Date Posted: 3/07/2013 | Author: Jennifer Mitchell, CAE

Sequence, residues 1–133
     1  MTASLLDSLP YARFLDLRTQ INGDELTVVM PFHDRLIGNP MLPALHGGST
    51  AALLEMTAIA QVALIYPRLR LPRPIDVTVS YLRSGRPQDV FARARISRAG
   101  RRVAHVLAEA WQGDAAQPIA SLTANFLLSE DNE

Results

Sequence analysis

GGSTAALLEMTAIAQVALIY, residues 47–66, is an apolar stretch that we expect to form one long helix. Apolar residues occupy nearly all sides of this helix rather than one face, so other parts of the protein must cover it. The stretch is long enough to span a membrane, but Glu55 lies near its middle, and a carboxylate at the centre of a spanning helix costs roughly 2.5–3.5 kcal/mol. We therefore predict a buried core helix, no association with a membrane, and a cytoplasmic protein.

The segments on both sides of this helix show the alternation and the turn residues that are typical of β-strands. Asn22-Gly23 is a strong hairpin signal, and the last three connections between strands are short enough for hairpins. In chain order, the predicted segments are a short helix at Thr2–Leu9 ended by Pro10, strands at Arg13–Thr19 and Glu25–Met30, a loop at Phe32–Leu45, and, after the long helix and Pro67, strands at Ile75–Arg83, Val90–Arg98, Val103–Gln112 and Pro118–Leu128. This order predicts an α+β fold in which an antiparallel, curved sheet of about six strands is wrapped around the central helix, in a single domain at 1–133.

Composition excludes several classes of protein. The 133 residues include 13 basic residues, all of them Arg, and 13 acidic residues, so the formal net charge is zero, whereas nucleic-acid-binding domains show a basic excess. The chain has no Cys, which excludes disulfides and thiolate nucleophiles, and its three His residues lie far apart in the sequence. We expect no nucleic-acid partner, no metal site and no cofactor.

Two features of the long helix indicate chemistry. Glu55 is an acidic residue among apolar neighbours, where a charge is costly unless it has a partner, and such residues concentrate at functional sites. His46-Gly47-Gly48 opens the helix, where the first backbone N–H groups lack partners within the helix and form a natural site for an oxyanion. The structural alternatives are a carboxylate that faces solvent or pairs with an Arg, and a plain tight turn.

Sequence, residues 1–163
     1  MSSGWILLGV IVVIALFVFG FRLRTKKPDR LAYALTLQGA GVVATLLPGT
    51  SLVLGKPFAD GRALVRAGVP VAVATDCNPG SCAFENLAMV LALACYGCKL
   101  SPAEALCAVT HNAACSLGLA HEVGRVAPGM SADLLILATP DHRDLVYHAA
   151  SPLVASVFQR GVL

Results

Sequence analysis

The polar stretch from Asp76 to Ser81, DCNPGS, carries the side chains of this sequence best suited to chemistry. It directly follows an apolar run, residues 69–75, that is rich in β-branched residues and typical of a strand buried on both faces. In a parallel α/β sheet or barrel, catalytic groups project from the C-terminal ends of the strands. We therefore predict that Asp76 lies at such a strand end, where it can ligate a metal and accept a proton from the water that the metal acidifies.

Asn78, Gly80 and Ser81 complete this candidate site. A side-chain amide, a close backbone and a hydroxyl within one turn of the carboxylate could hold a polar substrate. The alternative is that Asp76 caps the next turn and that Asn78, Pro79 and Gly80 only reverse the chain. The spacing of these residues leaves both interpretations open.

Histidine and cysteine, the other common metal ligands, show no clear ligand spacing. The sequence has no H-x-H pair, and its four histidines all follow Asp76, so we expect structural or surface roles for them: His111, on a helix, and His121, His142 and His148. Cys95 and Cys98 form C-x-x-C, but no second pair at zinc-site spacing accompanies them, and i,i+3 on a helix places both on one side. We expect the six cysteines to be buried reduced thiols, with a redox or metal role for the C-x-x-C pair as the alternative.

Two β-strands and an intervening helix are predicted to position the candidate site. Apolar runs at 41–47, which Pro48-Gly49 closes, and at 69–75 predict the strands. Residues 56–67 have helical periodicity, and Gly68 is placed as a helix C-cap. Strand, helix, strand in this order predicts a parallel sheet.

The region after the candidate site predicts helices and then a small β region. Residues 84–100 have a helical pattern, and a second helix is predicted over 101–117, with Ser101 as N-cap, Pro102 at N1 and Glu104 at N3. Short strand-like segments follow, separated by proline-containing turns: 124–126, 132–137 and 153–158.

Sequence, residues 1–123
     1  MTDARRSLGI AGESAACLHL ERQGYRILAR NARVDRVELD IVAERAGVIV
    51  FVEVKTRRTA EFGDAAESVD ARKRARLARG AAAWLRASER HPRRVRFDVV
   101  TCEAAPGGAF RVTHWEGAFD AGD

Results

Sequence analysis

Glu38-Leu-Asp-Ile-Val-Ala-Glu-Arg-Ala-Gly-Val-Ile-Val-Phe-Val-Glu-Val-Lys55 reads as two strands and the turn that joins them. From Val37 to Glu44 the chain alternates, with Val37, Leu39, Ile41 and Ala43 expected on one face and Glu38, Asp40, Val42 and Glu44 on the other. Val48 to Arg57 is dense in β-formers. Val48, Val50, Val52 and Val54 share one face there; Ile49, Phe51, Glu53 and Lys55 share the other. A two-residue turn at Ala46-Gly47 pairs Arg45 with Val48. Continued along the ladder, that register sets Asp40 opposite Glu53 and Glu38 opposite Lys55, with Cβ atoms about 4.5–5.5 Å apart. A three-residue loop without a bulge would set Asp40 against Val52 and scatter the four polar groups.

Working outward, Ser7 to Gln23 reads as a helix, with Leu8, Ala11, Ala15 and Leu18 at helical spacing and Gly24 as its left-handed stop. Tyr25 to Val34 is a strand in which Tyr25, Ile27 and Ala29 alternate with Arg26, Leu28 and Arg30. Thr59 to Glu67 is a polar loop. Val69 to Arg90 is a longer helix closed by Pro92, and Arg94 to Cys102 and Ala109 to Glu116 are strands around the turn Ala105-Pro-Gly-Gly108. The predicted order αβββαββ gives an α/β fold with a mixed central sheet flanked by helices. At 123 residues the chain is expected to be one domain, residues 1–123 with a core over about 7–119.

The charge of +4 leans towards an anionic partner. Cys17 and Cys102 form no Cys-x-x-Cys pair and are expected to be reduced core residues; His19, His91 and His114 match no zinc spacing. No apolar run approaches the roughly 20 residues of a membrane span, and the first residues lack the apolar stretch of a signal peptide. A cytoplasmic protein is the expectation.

Both the House and Senate continue to make progress on building their respective versions of the state budget. Earlier this week, the House heard and adopted all Article III subcommittee recommendations, which include an additional $200 million for public education above the base recommendation. Of the $200 million, roughly $50 million is allocated to be spent on programs and grants such as Teach For America and Communities in Schools, while approximately $140 million is targeted for increasing the state’s contribution to the Teacher Retirement System (TRS) pension trust fund from the current rate of 6.4 percent to 6.6 percent for both 2014 and 2015. Subcommittee Chairman Rep. John Otto (R–Dayton) did indicate that the committee would take up the issue of increasing formula funding at some point in the near future. Riders were released for Article III and although there are few on the public education side, higher education has about 200. In the Senate, the Article III workgroup voted to increase funding in Senate Bill (SB) 1 for the Texas Education Agency (TEA) by $1.5 billion, $1.375 of which is going to increase formula funding by increasing the basic allotment. The remaining $125 million is allotted for providing small increases to the Student Success Initiative, full-day pre-kindergarten, and career and tech funding. The full Senate Finance Committee met yesterday to adopt the Compensation Subcommittee’s recommendations, which include $103 million to increase the state’s contribution to TRS up to 6.7 percent in 2015 (keeping the 2014 rate at 6.4 percent). Both the House and Senate TRS contribution rates are significantly less than the approach recommended by the TRS actuary and subsequent TRS appropriations request, which suggested increasing the rate to 6.9 percent in 2014 and 7.4 percent in 2015. Sen. Robert Duncan (R–Lubbock) was complimentary of TRS, but then stated that we have more work to do with the agency this session to further shore up the trust fund. This was a clear indication of a future attempt to change benefits, such as moving the minimum age to receive benefits to 62. Word also came out of the House this week that there will almost certainly be a push from leadership to make changes to TRS benefits. Also of note: The Senate Finance Committee adopted the Compensation Subcommittee’s recommendations to provide state employees with a 3 percent across-the-board pay raise in 2014 and another 1 percent in 2015, as well as increasing the state’s contribution to the state’s Employee Retirement System (ERS) to 7.65 percent. This is certainly a point of contention, as it would increase ERS to 7.65 percent while TRS would rise to 6.7 percent for only one year. However, for the sake of discussion, it should be noted that the increase to ERS only cost $44 million in general revenue ($65 million total in all funds), while the TRS increase cost $103 million. The Senate is scheduled to finalize the budget next week, and the House should be close as well. Josh Sanderson ATPE Lobbyist
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